Not all reviews are honest or authentic.

Amazon have recently cracked down on these so-called fake reviews to make their community reliable and safe for shoppers. However, the problem still persists.

Whether for financial gain, exchange for a discount or free product, or just to drop the competition’s ratings, fake reviews continue to plague the online marketplace.

But how can you tell if a review was written to steer the readers in the wrong direction?

Learn to Spot Red Flags

First, learn to identify the red flags of written reviews.

Length & Tone

Is the length of the review shorter than the rest? In some cases, fake reviewers simply hit the ‘one-star’ button, post a short comment, and move on.

Most honest reviewers take the time to provide a thorough review of their experience with the product. Typically, if the review has fewer than 4 lines and a big five-star rating, it’s a red flag.

In terms of tone, the review may be vague and not specifically identify what they loved about the product. Technical details and specifications may be overlooked as well. Generalities can be a good sign the review is indeed a fake.

Review the Reviewer

On Amazon, it’s a bit tricky to review the reviewer, but you can click on their name and investigate what other reviews they have left. Are they gushing over every product they review? Are they more detailed in their negative reviews? Ask yourself questions before deciding.

Emotional Language

Quality reviews are objective and summarize their experience with product features. However, agenda-based reviews overlook the details and skip right to the star rating.

Not Verified

Verified purchase reviews also offer an added layer of protection from fake reviews. Amazon offers an orange ‘verified purchase’ badge for those who bought the item directly from an Amazon store. But just because they’re verified doesn’t mean they didn’t get paid to write the review.

 Multiple Reviews

While verified purchases are a good thing, users with multiple reviews in a short time are often fake. This is particularly true if the products they’re reviewing are completely unrelated. If they’ve left multiple five-star reviews within the past two weeks, it might be time to second guess their opinion.

Of course, even if a reviewer is verified, leaves a detailed review, and doesn’t over hype or under sell the product, they could still be dishonest. Alternatively, if they’ve left a short and to the point review, it doesn’t mean it is a fake review.

Don’t fret.

There’s another way to spot fake reviews on Amazon: Review Analysis.

Use Fakespot or ReviewMeta

There are two big websites that offer a free analysis of Amazon product reviews: Fakespot and ReviewMeta.

 

Fakespot is 100% free to use and helps you sort out the fake from the honest. It’s simple to use too, all you must do is copy and paste the product page link and click “analyze.”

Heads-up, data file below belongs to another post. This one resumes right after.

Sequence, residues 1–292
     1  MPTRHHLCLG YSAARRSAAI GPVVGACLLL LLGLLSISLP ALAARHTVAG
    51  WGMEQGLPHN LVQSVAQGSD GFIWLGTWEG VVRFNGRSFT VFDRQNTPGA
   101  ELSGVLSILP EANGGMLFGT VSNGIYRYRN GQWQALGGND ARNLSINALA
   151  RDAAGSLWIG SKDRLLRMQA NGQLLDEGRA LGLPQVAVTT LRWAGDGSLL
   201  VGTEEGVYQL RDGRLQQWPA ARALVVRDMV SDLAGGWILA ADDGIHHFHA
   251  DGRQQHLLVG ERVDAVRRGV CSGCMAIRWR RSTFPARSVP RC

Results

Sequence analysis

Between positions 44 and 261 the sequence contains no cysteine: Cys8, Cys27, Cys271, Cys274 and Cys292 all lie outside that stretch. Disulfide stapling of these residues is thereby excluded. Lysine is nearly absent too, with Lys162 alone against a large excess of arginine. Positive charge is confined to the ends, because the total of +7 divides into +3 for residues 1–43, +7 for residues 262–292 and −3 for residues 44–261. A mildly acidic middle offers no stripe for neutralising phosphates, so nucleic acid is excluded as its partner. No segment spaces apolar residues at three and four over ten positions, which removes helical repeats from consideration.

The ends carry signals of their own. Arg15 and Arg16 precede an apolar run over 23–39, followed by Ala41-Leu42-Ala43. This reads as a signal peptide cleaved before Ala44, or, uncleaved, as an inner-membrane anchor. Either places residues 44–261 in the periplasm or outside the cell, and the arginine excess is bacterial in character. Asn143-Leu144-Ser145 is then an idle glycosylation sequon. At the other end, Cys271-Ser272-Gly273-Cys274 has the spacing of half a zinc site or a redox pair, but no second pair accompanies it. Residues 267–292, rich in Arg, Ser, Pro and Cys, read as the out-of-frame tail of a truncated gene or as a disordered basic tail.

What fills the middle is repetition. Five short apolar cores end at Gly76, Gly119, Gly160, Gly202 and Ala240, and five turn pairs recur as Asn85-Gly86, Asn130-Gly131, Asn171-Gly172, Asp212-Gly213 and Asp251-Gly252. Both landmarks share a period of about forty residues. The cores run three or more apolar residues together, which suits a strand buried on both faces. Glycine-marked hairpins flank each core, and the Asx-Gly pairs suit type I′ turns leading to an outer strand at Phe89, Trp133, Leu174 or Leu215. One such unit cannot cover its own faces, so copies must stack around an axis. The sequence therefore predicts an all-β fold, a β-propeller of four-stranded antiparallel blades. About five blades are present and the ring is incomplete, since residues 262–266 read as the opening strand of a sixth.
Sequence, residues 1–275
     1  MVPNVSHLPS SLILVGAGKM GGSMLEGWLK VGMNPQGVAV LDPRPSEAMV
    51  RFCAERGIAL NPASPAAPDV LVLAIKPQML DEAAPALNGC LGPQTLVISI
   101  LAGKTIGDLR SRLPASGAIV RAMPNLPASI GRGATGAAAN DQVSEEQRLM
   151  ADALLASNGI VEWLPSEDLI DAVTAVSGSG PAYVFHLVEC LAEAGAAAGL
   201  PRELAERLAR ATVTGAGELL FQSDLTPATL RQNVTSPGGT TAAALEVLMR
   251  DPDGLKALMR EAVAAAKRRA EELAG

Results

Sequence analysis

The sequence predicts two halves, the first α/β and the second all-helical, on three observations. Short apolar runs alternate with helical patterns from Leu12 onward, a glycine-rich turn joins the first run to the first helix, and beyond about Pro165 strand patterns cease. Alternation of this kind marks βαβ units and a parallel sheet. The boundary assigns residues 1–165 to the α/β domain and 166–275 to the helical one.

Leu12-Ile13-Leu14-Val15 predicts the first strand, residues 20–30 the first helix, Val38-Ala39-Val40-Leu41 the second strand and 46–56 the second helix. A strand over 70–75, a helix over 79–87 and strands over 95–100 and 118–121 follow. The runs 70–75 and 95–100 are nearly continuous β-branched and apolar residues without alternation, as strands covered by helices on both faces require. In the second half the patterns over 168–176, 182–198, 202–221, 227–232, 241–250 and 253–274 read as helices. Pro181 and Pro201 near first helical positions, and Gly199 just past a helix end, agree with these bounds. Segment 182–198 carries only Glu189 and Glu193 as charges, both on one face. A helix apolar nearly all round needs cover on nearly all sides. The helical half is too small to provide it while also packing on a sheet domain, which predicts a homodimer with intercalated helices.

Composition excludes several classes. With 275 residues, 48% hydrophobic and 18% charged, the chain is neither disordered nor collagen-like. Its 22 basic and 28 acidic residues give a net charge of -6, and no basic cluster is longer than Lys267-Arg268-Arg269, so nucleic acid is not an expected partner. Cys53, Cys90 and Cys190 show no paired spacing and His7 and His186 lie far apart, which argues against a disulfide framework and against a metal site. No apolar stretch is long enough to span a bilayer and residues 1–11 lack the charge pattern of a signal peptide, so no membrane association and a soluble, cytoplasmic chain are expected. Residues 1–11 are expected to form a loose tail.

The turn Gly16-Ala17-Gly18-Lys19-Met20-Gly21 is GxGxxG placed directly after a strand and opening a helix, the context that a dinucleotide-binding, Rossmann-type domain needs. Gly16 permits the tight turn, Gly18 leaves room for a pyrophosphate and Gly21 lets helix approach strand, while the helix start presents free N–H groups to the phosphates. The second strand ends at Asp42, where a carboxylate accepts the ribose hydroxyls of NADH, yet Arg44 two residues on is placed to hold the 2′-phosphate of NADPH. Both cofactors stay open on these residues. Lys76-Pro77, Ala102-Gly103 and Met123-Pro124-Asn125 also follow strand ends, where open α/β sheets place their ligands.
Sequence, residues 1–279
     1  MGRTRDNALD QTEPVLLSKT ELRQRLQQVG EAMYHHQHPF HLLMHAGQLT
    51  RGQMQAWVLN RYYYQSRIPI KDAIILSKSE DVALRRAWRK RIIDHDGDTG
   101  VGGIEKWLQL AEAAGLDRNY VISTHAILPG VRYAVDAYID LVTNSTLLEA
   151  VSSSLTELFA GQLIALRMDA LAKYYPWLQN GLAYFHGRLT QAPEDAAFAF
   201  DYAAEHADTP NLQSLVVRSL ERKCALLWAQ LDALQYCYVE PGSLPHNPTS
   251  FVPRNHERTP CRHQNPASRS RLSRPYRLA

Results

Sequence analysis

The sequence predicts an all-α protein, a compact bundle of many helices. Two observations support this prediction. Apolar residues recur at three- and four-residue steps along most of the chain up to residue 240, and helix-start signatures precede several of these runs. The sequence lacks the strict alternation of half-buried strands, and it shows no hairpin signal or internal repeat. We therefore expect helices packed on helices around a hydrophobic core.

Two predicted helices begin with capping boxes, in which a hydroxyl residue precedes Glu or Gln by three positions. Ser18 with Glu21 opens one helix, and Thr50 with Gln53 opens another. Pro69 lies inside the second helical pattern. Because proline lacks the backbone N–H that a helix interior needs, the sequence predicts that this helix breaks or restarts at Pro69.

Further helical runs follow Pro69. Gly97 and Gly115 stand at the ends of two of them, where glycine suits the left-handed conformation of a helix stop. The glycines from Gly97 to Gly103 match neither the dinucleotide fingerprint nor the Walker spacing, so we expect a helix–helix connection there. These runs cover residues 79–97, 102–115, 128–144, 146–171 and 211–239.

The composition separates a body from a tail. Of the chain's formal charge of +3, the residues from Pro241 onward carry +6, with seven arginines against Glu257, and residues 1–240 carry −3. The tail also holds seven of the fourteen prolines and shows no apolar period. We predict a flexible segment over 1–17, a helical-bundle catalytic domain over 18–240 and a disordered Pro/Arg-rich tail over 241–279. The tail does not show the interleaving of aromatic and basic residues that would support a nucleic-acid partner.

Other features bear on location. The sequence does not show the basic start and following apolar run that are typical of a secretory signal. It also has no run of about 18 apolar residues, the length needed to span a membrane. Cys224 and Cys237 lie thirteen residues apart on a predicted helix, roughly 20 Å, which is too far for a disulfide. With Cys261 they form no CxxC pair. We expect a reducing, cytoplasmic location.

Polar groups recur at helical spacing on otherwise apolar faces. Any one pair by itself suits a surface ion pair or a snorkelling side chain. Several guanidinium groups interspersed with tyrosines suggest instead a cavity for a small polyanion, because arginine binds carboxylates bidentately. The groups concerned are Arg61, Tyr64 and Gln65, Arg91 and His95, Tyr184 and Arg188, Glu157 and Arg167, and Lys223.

You can also download its browser extensions for Safari, Firefox, and Chrome if you’d like. The browser version lets you simply click on the Fakespot icon on the toolbar to analyze reviews. The browser then automatically analyzes the reviews for you. You can also get it on the go with their Android and iOS apps.

Fakespot analyzes spelling, grammar, number of reviews, mismatched dates, purchasing patterns and a variety of other red flags that indicate suspicious activity.

Once the analysis is through, Fakespot offers a letter grade based on the entire number of reviews a product had and the number of unreliable or suspicious reviews.

 However, this is where it gets tricky. Fakespot uses an A to F rating, and even if just 57 percent of the reviews were considered unreliable, it will get an F. Despite this, the product might not be bad in and of itself.

Up next is ReviewMeta.

ReviewMeta takes a different approach than Fakespot, so it’s a good idea to use both. Developer Tommy Noonan says that ReviewMeta uses the same type of functionality as Fakespot,(you copy and paste the product link page and can use a browser extension) but ReviewMeta actually reduces the weight of reviews deemed ‘unreliable’ and gives you an adjusted rating.

 

So instead of a letter grade, ReviewMeta gives you what the average Amazon rating could be if the questionable reviews weren’t a part of the lineup.

What is surprising is that these two tools frequently come up with different conclusions about the same reviews. According to Ming Ooi, the co-founder of Fakespot, they find about 40 percent of Amazon reviews to be unreliable.

The question is, where does that leave people who like you who want to know whether or not to trust Amazon reviews?

At the end of the day, Amazon is still perfecting its user rating systems. Verified purchase reviews are a good place to start, and Amazon is working on new strategies to add weight to those verified reviews by limiting how many non-verified reviews users can leave each week.

But ultimately it is critical thinking skills you must rely on. Analyze the data as you see it. 

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